I’m an American Medical Association member. My leadership’s opposition to single-payer healthcare is uninformed and possibly deceptive.
At last week’s meeting, Dr. Daniel Johnson, former AMA president, asked “What is best for patients?” The AMA should not confuse this question with “What is best for physicians?” The questions differ. The answers conflict. The AMA should not pretend otherwise.
Dr. Barbara McAneny, the outgoing AMA president, exacerbates this conflict when she refers to AMA support of “pluralism, freedom of choice, freedom of practice, and universal access for patients.” But physician freedom to reject patients with poor insurance differs from patient freedom to choose physicians. Pluralism of insurance differs from universal access.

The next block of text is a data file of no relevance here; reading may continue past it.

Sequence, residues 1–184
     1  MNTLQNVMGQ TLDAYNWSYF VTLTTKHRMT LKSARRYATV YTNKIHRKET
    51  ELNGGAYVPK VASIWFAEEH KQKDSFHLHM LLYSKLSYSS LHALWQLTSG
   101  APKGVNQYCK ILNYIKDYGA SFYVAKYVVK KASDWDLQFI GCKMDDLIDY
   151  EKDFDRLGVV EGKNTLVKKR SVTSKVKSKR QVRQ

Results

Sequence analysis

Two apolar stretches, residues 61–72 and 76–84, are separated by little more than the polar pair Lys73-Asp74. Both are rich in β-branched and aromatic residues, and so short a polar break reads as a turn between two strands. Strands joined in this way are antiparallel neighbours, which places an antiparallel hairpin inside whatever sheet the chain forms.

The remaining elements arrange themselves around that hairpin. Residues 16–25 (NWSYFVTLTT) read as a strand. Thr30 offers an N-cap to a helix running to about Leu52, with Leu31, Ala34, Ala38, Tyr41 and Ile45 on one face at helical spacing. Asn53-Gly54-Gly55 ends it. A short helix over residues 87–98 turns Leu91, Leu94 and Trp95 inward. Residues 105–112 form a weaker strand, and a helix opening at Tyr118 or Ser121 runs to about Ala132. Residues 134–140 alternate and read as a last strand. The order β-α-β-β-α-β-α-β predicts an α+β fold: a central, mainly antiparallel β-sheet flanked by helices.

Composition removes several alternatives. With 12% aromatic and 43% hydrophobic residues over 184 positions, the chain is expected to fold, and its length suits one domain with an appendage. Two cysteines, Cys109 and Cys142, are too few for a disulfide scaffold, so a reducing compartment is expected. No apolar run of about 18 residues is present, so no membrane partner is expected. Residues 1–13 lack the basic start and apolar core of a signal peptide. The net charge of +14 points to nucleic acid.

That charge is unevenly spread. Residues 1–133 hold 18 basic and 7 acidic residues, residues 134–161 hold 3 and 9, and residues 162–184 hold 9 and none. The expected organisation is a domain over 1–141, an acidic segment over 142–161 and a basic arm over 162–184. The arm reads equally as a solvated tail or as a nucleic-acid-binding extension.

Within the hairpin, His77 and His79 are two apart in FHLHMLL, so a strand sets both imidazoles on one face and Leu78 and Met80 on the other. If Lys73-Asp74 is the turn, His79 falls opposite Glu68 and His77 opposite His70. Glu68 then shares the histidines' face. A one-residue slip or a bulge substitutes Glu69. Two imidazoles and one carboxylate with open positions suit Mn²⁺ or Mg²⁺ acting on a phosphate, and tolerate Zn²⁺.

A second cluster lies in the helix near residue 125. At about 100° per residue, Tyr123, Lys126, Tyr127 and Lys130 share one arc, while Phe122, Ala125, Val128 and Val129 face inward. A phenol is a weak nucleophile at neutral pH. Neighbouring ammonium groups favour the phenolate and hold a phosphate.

Single-payer plans do indeed restrict physician practice by eliminating competition among insurers. Single-payer plans instead create uniform benefits and physician fees. Both compromise physician ability to maximize income.
But single-payer plans do benefit patients. They guarantee access regardless of employment or finances. They reduce patient costs (healthcare taxes, premiums and out-of-pocket payments). They improve outcomes by promoting primary and preventive care. They even provide modest benefits to physicians. Their expenses decrease when every patient becomes a paying patient. Professional costs plummet. But not all physicians consider this benefit worth the compromised income potential.
Every single-payer system provides better care to more people for less money than the dysfunctional, employer-dependent, multirisk-pool American system reinforced by the Affordable Care Act and supported by the AMA.
Even at risk to my income, I want the AMA to acknowledge single-payer. If it won’t, integrity demands that it cite real physician benefits, not specious patient benefits.
Dr. Samuel Metz
Oregon Physicians for a National Health Program